three hundred and ninety seven

Angela & David, Lilyfield, NSW

Images by Terence Chin

This week, in a very special Journal feature we visit the stunning family home of architects Angela Rheinlaender and David Haseler. We’re always so intrigued by the spaces architects build for themselves and how the nuance beneath each small design decision can create a space so much greater than the sum of its parts. Angela and David’s ‘Lilyfield House’ is no exception, built with the underlying desire to create a home that would grow with their young family while also designing with sustainability in mind. Our team were lucky to spend the day with Angela and David to see how the home functions in “family mode” but also to understand how skillfully the couple have used light, levels and space to create a home that feels both expansive and intimate at the same time. Throughout this feature you’ll also get a first glimpse of pieces from our new season collection arriving in store soon, including a beautiful brick red linen and two new colours in our much loved Alpaca throws.

Maxi and Angela hanging out in the kitchen with a selection of Lagos Del Mundo ceramics and an organic cotton waffle teatowel in stone.


“We bought our house in 2002 after a number of years in an apartment in the Eastern Suburbs. We liked the location in easy walking distance to the water of Iron Cove, Callan Park and the Italian eateries of Norton Street.

The original house offered relative space, a sunny backyard, rear lane access and a little curiosity in its evolution from a shop front to private residence. The house was detached but built boundary to boundary under a single skillion roof that sloped down to the north. Natural light and ventilation were limited so, as a temporary measure, we punched through some skylights for basic light and ventilation, opened up the back and worked on improving the rear garden, removing concrete, adding some lawn and had blackbutt seating, fences and storage constructed.”

The boys’ bunk bed is dressed with an IN BED 100% linen duvet and pillowslip in mist with a flat and fitted sheet in lake (on top) and a duvet and pillowslip in navy pinstripe with a flat and fitted sheet in midnight (below) as well as our new Alpaca throw in olive (coming soon!).


“In 2006 we welcomed our first child along with prams, cot, kids toys and books. After a few years in Canberra, directly after the birth of our second child and with our third born in the time away, we returned and started to plan a significant redesign and rebuild of the house in Sydney. As a family of five we needed some more space, but particularly a better plan, more sun, light and ventilation.”

We also wanted to live and build more sustainably, reduce our energy and water consumption, apply passive house principles, use actual materials instead of applied surfaces, multiply our garden areas upwards and integrate rainwater harvesting, heat pump hot water and hydronic heating.”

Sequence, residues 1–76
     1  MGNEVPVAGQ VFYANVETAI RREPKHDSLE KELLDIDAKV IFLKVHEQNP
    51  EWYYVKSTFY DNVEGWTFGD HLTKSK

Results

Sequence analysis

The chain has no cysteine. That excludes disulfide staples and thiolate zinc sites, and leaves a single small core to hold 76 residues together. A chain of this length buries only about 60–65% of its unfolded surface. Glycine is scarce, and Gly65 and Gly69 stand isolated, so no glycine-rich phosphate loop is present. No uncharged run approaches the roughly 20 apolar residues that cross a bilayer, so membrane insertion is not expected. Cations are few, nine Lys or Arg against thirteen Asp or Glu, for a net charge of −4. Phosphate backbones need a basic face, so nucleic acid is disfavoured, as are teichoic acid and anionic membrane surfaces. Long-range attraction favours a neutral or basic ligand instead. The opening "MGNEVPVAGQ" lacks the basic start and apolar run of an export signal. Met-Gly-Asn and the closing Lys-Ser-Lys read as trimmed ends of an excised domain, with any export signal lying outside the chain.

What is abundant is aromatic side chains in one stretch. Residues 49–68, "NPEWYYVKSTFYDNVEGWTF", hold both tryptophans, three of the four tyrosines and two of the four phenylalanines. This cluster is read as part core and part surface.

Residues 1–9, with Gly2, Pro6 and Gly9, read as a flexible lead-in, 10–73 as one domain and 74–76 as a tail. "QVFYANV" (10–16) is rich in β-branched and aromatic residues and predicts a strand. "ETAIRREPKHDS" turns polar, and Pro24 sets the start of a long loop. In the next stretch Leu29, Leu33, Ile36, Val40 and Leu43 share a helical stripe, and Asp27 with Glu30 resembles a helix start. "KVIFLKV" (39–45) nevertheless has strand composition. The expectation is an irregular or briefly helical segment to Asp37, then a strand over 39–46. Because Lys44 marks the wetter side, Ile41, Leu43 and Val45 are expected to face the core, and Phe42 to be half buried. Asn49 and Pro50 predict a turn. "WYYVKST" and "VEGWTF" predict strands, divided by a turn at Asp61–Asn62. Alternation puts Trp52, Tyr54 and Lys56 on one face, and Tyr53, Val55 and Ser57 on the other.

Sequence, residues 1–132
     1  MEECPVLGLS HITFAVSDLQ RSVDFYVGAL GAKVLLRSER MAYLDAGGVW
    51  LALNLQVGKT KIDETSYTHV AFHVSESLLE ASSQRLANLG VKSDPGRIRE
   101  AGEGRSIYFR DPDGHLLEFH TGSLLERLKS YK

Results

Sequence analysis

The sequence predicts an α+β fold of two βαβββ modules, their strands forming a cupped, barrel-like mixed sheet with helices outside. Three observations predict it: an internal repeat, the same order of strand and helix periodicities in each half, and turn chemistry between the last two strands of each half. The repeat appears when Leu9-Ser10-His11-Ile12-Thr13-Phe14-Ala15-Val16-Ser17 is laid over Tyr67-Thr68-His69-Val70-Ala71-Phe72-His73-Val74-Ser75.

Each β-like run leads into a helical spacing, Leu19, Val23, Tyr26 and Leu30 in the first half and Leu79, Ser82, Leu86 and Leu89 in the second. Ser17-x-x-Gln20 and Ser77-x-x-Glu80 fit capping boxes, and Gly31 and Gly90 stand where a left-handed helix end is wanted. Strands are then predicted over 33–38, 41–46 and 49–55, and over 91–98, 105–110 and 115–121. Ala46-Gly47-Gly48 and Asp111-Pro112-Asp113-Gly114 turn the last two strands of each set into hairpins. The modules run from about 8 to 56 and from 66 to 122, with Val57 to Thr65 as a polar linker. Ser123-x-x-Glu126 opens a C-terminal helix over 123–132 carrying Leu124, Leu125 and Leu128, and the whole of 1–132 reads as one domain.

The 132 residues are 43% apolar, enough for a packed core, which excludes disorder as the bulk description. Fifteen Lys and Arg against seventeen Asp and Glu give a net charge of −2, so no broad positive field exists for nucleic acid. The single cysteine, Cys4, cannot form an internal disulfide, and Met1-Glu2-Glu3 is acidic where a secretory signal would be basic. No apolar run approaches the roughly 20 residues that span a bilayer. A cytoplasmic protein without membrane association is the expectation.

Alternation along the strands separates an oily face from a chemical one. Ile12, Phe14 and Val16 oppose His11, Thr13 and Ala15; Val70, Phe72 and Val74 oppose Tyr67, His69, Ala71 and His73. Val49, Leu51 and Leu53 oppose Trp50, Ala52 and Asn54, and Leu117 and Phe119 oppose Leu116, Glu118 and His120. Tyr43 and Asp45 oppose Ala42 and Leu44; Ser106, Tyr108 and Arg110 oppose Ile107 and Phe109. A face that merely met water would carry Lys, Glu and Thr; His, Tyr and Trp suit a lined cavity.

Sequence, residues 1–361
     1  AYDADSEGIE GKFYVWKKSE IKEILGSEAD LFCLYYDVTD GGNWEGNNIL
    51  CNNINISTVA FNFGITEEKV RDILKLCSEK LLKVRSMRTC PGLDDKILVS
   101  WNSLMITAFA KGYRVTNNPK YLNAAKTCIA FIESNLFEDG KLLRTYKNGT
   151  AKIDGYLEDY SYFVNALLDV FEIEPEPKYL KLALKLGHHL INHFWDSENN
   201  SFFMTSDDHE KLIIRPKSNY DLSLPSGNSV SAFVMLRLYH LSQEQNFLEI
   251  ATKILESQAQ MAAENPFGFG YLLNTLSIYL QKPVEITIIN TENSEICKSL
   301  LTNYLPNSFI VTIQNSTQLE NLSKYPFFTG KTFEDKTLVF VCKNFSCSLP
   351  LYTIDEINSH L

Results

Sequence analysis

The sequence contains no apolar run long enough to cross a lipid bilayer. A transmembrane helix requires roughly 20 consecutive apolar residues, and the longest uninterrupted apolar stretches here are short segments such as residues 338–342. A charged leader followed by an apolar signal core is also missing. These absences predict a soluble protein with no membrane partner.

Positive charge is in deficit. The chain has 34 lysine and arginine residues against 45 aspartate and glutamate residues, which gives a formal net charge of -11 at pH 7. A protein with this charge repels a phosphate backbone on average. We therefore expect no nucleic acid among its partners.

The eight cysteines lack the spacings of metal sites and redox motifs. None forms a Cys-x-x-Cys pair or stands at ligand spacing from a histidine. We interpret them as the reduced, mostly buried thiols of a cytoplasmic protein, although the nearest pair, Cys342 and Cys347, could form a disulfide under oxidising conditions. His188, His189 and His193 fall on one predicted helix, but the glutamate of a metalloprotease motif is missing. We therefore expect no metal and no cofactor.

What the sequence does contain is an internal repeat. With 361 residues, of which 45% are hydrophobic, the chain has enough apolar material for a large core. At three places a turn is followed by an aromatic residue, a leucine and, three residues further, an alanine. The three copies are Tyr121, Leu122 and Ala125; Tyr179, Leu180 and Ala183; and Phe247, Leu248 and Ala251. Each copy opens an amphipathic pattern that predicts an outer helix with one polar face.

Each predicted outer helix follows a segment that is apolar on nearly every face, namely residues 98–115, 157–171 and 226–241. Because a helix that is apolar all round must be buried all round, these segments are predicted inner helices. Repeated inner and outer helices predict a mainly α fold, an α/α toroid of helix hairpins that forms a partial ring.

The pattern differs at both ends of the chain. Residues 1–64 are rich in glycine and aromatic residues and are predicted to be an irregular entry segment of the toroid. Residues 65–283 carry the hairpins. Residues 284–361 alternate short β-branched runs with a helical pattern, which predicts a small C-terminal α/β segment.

We also wanted to live and build more sustainably

The house had to tick many boxes when it came to everyday life. Keeping any house neat with three small children was one of the challenges. The new house needed to have a presentable ground floor level and be well organised with a place for everything. It should make our day-to-day life easier. Having bedrooms and a play area upstairs and ample storage throughout, helped us achieve this.”

The dining area on the first floor, featuring an IN BED tablecloth in french blue, organic cotton waffle teatowels in navy and toffee with a selection of ceramics by Lagos Del Mundo.


“We knew there were some local views we’d like to capture so we planned to keep the garden and go vertical. We kept the distinct shopfront facades. We felt it was a valuable part of the streetscape and as it extended to the front boundary but not across the full width of the site, it allowed the creation of an entry courtyard, raised up from the street level. A good buffer to the lively street and intersection in front of the house.”

“The plan of the house is formed around a central void space that connects the three levels and is topped with a large skylight that brings ample light into the middle of the house. The void brings everyone together: no matter whether family members are in the living room, kitchen and dining area or the third floor TV room, we can always communicate with each other. For more privacy, we can retreat into our bedrooms, which are generally kept small. Overall the design of the house encourages getting together by providing larger communal spaces with smaller private spaces.”

Overall the design of the house encourages getting together by providing larger communal spaces with smaller private spaces.

One of the outdoor garden areas on the second floor of Angela & David’s home, it was important to the design minded couple to ensure each level had a sense of the outdoors coming in and made the most of the different elevations and vantage points.